QUESTION: As a Chinese native, I plan to use my westernized first name, “Jennifer,” on my resume instead of my real name: “Xiaoying.” What are some best practices around using “nicknames” on a resume?
Name bias is real, repulsive, and career-damaging. Resumes using “American-sounding” nicknames are 2x more likely to get an interview (Kang, 2016). Resumes with African‐American sounding names received 50% less callbacks compared to those with white‐sounding names (Bertrand & Mullainathan, 2004). With name bias in mind, use the nickname harmoniously across resume, social, and email.
If you’ve continually used this nickname in your professional career, then you could include it on your resume this way: use Xiaoying “Jennifer” Chen in the name area at the top, and on subsequent pages. If you’re adding testimonials to your resume, you could also ensure they are using the nickname (“Jennifer led our enterprise project…”).
Using your nickname on your résumé is a good idea, so long as the name isn’t frivolous or potentially offensive (because that could turn off your readers). And be sure to use your nickname consistently everywhere you can be found online (e.g., on LinkedIn) to make it easier for people to find you.
Your legal name is required when you complete Form I-9 to prove identity and work authorization, and your documents must show that name. Same for tax forms and payroll, and likely also for benefit enrollment forms. Beyond that, if you go by Jennifer, you can list it on your resume with or without your legal first name: Jennifer Smith, or Jennifer (Xiaoying) Smith, or Xiaoying “Jennifer” Smith.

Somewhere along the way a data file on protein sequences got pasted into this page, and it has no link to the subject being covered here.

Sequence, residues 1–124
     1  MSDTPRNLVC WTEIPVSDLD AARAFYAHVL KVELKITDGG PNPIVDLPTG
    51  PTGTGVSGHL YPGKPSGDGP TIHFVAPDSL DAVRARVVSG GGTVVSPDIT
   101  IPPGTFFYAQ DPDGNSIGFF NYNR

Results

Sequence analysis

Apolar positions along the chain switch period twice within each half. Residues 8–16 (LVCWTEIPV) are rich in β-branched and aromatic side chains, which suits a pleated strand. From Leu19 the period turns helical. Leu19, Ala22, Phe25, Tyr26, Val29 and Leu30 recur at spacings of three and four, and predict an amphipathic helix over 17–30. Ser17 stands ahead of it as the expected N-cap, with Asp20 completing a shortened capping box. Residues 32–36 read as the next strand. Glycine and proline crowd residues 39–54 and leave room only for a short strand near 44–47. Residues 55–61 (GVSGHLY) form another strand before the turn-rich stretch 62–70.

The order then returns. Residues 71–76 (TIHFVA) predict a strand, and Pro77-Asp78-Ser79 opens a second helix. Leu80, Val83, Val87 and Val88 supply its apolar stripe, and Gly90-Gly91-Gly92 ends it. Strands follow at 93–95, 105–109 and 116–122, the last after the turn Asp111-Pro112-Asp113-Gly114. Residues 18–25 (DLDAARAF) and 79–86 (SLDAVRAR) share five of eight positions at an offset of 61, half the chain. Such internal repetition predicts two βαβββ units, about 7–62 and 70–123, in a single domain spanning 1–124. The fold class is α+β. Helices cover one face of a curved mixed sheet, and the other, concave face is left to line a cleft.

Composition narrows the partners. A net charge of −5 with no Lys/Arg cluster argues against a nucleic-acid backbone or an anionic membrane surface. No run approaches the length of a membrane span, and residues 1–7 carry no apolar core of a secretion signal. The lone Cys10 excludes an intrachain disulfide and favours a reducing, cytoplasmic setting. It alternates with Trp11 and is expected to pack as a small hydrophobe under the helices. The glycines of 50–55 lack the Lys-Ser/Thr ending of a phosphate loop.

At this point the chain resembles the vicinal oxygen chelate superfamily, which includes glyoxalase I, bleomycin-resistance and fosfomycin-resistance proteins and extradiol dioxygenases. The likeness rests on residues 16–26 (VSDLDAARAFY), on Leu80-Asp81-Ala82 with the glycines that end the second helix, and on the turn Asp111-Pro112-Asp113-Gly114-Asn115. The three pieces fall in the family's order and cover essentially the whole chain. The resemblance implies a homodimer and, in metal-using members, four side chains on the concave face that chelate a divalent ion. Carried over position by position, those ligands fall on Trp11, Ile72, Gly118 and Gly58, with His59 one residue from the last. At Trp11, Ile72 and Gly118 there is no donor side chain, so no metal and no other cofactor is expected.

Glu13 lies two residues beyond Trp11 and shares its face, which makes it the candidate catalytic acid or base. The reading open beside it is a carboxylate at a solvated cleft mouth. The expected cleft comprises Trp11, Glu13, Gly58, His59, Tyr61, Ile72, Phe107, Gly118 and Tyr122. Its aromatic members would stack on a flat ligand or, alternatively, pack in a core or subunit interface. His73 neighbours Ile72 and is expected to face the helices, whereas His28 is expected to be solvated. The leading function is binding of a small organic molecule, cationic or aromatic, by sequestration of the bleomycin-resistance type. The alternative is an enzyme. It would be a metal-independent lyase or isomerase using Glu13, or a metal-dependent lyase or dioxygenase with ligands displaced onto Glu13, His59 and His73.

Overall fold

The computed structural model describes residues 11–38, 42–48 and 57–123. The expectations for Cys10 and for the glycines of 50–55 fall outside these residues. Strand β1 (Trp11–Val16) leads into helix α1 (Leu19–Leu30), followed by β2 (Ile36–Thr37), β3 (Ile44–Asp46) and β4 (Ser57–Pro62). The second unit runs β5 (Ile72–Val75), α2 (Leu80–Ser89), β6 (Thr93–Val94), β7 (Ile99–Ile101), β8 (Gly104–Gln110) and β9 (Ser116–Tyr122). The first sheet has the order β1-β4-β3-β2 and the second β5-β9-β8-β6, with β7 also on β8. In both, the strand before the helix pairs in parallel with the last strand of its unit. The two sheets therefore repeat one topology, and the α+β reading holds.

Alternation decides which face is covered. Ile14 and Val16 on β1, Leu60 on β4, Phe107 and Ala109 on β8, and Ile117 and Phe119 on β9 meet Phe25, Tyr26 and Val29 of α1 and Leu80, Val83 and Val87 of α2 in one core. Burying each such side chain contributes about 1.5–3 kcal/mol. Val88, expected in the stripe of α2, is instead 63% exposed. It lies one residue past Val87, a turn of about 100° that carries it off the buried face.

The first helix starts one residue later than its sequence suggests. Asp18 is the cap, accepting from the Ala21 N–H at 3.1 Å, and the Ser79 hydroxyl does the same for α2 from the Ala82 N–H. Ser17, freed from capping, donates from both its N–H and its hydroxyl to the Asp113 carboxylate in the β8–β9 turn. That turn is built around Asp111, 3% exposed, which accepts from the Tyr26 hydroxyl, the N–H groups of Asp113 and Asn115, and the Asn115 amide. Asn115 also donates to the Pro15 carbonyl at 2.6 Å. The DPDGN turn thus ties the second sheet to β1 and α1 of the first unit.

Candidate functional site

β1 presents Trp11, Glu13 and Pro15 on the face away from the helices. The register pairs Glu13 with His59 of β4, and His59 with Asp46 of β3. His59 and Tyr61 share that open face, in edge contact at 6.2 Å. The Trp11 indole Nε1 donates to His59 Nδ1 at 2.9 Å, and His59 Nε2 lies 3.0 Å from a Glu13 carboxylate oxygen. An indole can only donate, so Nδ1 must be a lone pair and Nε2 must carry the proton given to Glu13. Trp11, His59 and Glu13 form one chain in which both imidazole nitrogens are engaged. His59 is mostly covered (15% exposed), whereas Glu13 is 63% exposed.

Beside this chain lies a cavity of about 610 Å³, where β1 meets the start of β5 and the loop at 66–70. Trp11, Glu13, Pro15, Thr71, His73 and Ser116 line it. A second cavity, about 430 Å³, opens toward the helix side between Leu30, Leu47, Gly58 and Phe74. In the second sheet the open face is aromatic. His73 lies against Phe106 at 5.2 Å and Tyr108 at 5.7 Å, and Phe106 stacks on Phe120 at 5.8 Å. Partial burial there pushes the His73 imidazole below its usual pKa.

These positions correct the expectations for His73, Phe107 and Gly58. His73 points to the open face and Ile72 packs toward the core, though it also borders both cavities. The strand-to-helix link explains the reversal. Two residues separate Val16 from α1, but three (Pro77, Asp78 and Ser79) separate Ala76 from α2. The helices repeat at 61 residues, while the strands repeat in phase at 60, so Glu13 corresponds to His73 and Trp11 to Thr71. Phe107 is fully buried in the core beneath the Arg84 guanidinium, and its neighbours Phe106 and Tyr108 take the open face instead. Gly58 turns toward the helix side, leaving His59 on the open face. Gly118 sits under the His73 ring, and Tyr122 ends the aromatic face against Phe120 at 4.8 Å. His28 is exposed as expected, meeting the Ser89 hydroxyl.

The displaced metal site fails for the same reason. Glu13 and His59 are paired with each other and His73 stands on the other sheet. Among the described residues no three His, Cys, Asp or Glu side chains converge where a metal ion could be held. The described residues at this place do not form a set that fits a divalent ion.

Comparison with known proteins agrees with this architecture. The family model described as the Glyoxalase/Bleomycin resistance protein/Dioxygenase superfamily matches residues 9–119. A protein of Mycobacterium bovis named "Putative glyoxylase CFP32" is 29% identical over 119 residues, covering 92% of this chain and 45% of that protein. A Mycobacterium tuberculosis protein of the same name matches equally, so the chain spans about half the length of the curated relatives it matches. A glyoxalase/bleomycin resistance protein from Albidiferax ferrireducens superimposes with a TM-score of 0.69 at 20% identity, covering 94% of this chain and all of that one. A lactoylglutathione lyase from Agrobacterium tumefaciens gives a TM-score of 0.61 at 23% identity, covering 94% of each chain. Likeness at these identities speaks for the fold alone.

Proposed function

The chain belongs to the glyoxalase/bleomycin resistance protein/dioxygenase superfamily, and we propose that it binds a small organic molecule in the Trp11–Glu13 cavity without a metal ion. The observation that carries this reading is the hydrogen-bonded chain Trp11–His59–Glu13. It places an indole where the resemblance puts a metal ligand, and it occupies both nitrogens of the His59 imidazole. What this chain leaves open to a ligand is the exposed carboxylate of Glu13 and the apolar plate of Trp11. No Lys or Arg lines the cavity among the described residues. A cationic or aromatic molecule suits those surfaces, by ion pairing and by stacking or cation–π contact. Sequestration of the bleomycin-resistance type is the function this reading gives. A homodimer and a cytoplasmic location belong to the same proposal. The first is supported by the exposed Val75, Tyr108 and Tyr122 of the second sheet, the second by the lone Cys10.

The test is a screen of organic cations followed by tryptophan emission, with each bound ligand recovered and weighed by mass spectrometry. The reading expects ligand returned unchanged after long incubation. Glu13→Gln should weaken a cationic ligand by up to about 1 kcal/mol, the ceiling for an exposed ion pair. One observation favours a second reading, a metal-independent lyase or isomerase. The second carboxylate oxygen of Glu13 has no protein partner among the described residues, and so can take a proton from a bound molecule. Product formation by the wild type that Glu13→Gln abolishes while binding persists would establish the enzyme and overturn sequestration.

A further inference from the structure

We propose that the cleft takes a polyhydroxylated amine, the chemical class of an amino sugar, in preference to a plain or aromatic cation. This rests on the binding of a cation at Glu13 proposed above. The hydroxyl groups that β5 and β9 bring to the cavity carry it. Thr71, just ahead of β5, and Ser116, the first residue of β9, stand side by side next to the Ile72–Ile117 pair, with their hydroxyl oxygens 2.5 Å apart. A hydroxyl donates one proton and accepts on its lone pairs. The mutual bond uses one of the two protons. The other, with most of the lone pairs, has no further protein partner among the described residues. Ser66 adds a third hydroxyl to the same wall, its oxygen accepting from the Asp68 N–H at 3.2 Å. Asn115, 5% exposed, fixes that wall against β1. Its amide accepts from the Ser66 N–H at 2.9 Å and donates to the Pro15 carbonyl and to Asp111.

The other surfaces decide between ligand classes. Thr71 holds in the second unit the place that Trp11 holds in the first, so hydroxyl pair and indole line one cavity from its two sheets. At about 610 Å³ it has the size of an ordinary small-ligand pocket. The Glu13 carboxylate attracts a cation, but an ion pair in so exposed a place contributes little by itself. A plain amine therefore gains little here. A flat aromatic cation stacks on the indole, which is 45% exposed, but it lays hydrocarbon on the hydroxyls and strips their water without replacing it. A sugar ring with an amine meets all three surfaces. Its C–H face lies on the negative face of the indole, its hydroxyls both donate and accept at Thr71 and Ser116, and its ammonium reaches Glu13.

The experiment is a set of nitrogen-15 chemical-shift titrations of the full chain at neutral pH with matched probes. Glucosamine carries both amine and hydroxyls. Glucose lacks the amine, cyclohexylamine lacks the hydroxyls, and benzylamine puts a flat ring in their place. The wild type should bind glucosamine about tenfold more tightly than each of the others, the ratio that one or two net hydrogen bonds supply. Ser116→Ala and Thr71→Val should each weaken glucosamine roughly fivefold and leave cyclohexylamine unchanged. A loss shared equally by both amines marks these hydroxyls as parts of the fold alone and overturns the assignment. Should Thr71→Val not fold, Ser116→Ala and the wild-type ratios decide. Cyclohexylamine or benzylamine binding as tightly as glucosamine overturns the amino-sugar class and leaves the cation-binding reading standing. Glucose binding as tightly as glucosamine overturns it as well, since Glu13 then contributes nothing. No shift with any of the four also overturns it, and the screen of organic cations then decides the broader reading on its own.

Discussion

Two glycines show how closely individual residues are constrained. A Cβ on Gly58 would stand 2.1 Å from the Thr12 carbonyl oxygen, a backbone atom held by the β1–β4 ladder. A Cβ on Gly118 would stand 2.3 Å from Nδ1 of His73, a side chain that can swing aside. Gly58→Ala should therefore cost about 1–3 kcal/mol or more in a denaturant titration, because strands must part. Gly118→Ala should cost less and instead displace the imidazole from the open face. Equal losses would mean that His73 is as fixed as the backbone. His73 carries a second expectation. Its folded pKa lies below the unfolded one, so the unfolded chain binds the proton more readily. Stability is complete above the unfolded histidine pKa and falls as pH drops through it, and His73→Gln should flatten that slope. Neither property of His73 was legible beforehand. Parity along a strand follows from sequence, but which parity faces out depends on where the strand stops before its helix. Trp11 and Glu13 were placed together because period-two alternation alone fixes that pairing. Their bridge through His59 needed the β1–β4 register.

Nicknames can be used on a resume to alert others as to how you wish to be addressed. Using your legal name in the resume header with your preferred or nickname in parenthesis is easy and perfectly acceptable.
Using a preferred name is common practice. Another widely used strategy is placing your preferred name in quotes. For example, Xiaoying “Jennifer” Lastname. This tells the reader that the name you prefer to be called is “Jennifer.” People are also using name pronunciation features to help others pronounce their names accurately. Both options are great.
Names are an important part of our identity and unless you prefer the name “Jennifer” to Xiaoying, then I would encourage you to use it. You can leverage LinkedIn’s name pronunciation to make people feel more confident in pronouncing your name correctly. If you prefer Jennifer then use it on your resume, but unless it’s been legally changed, use Xiaoying on your application.
Many people are finding roles away from home country. A person’s name is part of who they are and their cultural identity. I recommend starting with the name easily used by your target “country” and use your native first name as the nickname. Example – Jennifer “Xiaoying” SURNAME. You may need to show your surname in a westernized format. My Asian clients have used this method with success.
Ask a Question
Ask us your question and it may be selected as the topic of our next blog post, with answers compiled from the advice of NRWA members.
Work with the Best
Find a Resume Expert
If you’re looking for more information on how to write a great resume – or get an expert to help you with yours – you’ve come to the right place! This site was created by the National Resume Writers’ Association (NRWA), a US-based non-profit association with members from around the world who are dedicated to learning about and providing expertise in resume writing to all job seekers.
The National Résumé Writers’ Association
9 Newport Drive #200, Forest Hill, MD 21050
Thanks for checking out ResumeExperts.theNRWA.com! For more on our association and certification, see www.thenrwa.com